Pilots have ‘em, graphic designers have ‘em, but do your copywriters have a preflight procedure? They should. Taking a writing project through a checklist before publication (online or print) is a great way to make sure you’re getting the most out of your content. Here are a few ideas for what to include:
NUTS AND BOLTS
Start with the Basics – make a master list of information that must be included in your various publications at all times (e.g. a company’s website address in a press release) and tick off each “must-have” on each piece.
Follow a Style Guide – for how your company refers to brand names, technological terms, company titles, etc. This ensures your publications are consistent across the board.
Focus on the Reader – it doesn’t matter whom you’re writing for. People will read your copy to solve a problem, quiet a fear or satisfy a need. Focus on their issues! In practical writing terms, this also means more “yous” and less “Is”.
Grab ‘Em from the Get-Go – for headlines and titles, think like your reader. Ask yourself the question: “What’s in this for me?” The answer should be obvious. If it’s not, it’s time to start editing.
Highlight Benefits – seriously, this can be done with a highlighter. Go through your copy to make sure it addresses how your product or service will benefit the reader. Did you start with the most powerful benefit?
Back Up Claims with Results – if you have made claims about your work, you need to prove that they’re true. Testimonials and statistics are fabulous tools – don’t let them go to waste.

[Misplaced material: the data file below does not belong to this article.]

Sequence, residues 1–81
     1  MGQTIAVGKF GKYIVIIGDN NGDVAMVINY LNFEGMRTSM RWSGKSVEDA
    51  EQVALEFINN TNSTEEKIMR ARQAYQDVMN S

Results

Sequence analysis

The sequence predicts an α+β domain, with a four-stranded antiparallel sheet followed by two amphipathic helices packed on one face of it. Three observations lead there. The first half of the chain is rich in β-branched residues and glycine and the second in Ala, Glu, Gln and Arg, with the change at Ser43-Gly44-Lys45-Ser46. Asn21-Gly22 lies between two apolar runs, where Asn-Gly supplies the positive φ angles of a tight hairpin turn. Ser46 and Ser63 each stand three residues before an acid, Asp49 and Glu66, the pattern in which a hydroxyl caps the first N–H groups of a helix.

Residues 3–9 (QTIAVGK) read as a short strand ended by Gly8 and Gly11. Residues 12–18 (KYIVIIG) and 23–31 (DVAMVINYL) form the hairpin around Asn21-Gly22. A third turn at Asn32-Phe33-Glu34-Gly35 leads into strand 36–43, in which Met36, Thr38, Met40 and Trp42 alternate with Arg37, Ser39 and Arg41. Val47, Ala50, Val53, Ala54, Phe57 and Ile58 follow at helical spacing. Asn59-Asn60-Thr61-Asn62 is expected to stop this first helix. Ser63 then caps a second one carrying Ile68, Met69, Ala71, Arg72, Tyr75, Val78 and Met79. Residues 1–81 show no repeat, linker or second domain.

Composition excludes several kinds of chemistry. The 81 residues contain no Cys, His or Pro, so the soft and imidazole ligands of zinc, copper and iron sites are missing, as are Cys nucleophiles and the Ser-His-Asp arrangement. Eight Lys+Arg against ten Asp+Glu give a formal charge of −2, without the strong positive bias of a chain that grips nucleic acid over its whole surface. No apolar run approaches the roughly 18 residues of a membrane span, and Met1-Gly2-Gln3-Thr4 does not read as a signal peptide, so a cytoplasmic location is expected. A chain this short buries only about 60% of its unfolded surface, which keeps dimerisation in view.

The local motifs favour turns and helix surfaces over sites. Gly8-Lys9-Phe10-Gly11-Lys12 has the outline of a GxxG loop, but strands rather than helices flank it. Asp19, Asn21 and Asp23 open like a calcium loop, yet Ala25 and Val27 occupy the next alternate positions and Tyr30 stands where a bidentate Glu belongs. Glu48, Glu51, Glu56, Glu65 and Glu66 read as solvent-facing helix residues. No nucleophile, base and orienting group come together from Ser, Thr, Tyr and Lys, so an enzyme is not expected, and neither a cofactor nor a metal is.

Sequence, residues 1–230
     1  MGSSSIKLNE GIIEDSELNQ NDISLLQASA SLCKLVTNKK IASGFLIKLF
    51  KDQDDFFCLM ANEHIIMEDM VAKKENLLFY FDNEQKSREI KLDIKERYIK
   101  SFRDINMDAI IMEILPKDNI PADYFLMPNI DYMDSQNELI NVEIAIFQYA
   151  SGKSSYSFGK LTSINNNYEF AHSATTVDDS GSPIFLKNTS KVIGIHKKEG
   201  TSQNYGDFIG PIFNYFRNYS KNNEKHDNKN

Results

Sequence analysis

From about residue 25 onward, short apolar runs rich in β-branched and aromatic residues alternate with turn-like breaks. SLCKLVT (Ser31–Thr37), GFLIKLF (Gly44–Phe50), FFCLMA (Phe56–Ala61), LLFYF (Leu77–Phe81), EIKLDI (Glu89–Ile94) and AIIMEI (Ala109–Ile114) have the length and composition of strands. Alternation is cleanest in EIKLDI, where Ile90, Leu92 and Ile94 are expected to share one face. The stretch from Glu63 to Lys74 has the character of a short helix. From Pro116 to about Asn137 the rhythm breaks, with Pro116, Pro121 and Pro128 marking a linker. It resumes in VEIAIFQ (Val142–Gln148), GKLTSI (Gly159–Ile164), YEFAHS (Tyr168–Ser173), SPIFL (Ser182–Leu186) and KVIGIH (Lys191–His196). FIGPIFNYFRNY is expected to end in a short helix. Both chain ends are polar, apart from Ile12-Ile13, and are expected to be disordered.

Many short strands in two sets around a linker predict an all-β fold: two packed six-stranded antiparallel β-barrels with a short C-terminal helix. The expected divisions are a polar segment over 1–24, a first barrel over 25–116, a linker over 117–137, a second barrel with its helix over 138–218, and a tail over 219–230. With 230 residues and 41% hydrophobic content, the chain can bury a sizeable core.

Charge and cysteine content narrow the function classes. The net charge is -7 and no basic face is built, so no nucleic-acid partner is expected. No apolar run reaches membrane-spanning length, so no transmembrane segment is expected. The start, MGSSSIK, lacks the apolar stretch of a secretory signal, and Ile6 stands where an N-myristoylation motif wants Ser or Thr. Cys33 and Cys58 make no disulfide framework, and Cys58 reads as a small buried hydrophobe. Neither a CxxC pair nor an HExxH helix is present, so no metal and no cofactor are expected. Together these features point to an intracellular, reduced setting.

Make ‘Em an Offer – they can’t refuse. This might be a discount, a freebie, an invitation – it’s your call to action and should be of powerful value. Make sure it’s easy to know what the call is and easy for your readers to respond.
Ixnay the Passive Voice – active implies action. “We are designing brand-new features” is a helluva lot more exciting than “Brand-new features are being designed.” (Note: why are you designing brand-new features? How will these help readers?)
Scan for Clarity – writing real estate is expensive. Get rid of words that aren’t making an impact. Especially long, hard-to-understand words.
Check for Tone – does the piece fit in with your overall brand and reputation? (e.g. see how Coca Cola ads promote their “shiny happy people” mantra)
Quadruple-check Spelling and Grammar – it’s amazing how errors still get mussed (oh, wait, missed).
Respect your Audience – before you started writing, you identified the key audiences for your piece. Now that it’s written, double-check – have you addressed the needs of your target group?
Assemble a Trusted Panel – a small group of friends and colleagues will give you a quick and honest outlook on the impact of your writing. They can also pick up on embarrassing mistakes.
Test the Sucker – make the call, click on the link, do what your reader is supposed to be doing once they’ve finished reading the piece.
Get Ready to Record – statistics, url hits, customer feedback… Do you have systems in place to track the effectiveness of your writing project (so you can improve on it next time)?
Honor the Thru-flow – it’s no good giving readers a call to action if you’re not ready to answer the calls. Are all your departments primed to follow through with a campaign?